I have been in Ireland for 9 days now but it feels like it has been weeks. Adjusting to a new culture can be very difficult, especially if you have never been abroad before; especially if you have never been abroad before and you have to begin a new job and a new life. This experience has been overwhelming, to say the least but the most important piece of advice I have received (from numerous people) that I have realized is incredibly true, is that “it takes time”. It takes time to get used to the new job, the new life, the new culture and most importantly, it takes time to get used to the homesickness. It is easy to feel sad and scared and even alone, but it is not easy to overcome your fears and make every day count – this takes courage. You have to take it one day at at time. You will discover just how strong and courageous you are when you slowly start to realize that the days are going by faster and you’re doing it all on your own. Take it from me, it’s tough but it absolutely does get better.
The first friend I made was my cab driver. He talked my ear off throughout the entire cab ride, giving me history lessons and inquiring about my home, my school and my internship. He was fascinated by the fact that I am a sustainability student but he asked me something that, at the time, I just responded to quickly without giving it much thought. He asked, “Sustainability. Hmmm. You’re fighting a losing cause, don’t you think?” I told him that I heard that more often than I could count but that I was passionate that I could really make a difference. I have been thinking a lot about that question though because being here in Dublin, the topic of sustainability is not discussed as much as I hear it being used in conversations back home; sustainability is not as “popular” as I originally thought. When it is discussed, it does not seem to generate as much enthusiasm as it does in certain parts of the U.S. Is it worth it in places like Dublin? Is it worth it at all? Will it make a difference?
I began my internship with Energy Action last Wednesday. In brief, Energy Action is a non-profit that seeks to “alleviate fuel poverty in Dublin by provision of insulation in the homes of older people and low income people free of charge”. In partnership with 8 organizations across Europe, Energy Action has been participating in the development of a new program known as Spirit, which “aims to deliver effective energy saving programmes, by engaging, informing and working together with households to promote energy efficient behavior and energy saving activities” through the use of faith-based community interaction. For my internship, I am assisting with the Spirit program. Right now, we are just trying to gather data about residential home energy use habits, so Energy Action has been handing out and collecting surveys that we called pledges. They are partly surveys but the main task is to ask residents if they would pledge to make certain changes at home to help reduce energy consumption. There is a checklist of items that they can chose from and they can chose as many as they think they could accomplish. So far, I made some phone calls to residents of the Dublin area that filled out these pledges in order to find out if they have fulfilled any of the pledges that they made. I have also been chosen to be a part of a 2 person team that will attend a sort of farmer’s market this Saturday to acquire more pledges.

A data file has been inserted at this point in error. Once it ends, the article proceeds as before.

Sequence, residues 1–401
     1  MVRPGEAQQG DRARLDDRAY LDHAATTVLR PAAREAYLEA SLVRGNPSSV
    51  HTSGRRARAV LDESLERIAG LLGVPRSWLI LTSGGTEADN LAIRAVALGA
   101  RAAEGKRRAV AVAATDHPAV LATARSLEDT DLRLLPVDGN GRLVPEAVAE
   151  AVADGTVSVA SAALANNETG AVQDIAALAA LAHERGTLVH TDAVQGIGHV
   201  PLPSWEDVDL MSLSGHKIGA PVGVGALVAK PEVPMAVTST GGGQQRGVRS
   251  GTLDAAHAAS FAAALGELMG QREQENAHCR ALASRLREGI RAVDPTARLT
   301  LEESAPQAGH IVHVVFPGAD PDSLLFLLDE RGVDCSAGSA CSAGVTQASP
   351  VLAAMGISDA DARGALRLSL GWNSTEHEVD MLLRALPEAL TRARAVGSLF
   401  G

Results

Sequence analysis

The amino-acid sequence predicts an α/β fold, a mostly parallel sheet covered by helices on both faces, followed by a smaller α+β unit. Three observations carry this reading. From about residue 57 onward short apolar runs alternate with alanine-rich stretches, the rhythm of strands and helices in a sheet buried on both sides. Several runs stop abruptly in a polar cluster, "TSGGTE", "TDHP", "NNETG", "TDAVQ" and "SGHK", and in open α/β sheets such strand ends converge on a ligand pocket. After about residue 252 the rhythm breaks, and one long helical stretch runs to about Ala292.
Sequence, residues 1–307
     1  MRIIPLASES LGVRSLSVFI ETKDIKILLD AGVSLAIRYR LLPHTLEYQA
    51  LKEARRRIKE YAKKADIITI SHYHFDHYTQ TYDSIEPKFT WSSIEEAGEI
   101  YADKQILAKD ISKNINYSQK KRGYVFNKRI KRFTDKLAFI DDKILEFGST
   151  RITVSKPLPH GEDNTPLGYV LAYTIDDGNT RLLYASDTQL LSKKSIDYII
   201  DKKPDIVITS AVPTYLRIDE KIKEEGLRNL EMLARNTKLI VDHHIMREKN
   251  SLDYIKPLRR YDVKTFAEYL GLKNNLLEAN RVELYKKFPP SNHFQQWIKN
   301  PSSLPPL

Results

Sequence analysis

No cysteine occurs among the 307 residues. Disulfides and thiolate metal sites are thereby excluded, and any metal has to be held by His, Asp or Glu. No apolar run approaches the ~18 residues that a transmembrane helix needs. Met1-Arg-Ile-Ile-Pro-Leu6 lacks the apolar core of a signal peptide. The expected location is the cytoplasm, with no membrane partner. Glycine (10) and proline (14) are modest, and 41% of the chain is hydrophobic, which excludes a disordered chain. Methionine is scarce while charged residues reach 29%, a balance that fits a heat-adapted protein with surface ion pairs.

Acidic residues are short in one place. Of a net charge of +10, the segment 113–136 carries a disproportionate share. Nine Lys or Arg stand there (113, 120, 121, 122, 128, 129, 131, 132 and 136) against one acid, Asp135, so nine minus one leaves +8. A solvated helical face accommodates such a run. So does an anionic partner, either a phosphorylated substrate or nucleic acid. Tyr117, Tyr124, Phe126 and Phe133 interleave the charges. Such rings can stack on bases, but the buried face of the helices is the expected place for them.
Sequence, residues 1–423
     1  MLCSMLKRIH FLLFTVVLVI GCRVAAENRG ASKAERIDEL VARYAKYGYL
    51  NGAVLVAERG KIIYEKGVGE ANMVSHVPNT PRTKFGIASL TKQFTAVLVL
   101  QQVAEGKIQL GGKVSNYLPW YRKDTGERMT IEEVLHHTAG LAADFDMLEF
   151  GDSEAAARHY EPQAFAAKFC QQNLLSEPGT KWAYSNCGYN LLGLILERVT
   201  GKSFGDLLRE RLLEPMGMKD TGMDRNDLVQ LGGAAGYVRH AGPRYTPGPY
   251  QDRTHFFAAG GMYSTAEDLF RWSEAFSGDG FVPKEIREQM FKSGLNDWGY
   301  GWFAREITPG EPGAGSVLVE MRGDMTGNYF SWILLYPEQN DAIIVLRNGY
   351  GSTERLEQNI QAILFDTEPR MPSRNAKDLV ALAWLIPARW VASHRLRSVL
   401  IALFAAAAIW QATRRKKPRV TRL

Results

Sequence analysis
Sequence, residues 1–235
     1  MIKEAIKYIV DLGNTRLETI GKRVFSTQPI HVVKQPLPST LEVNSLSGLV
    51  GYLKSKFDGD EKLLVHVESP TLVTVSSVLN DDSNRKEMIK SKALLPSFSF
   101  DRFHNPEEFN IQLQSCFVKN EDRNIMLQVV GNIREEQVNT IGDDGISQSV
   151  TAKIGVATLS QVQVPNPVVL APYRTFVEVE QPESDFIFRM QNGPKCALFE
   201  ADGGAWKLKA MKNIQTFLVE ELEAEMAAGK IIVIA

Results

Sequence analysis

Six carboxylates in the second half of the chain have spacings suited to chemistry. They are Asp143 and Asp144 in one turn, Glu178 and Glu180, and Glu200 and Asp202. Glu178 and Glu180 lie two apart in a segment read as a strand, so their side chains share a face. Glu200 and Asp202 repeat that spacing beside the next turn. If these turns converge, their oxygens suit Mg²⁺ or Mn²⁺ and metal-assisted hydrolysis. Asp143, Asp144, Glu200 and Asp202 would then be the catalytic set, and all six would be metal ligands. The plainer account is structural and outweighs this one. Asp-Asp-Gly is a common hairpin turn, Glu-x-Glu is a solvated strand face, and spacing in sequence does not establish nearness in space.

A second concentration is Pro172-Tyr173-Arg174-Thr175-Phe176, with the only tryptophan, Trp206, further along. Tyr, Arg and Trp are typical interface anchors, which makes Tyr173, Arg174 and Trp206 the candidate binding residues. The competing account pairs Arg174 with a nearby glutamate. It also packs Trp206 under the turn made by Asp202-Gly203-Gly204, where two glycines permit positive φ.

Through the work that I have completed so far and the work I anticipate completing in the future, I think I can answer the cab driver’s question, and the questions I have posed, honestly and wholeheartedly. The work I am doing makes me happy and I am grateful to be a part of such an organization because organizations like Energy Action really are doing meaningful and beneficial work; and I see that there really are people that care and feel just as passionately as me that they can make a difference. So, I am proud to say that sustainability is not a losing cause and I will continue to fight to make Mother Earth happy and healthy again.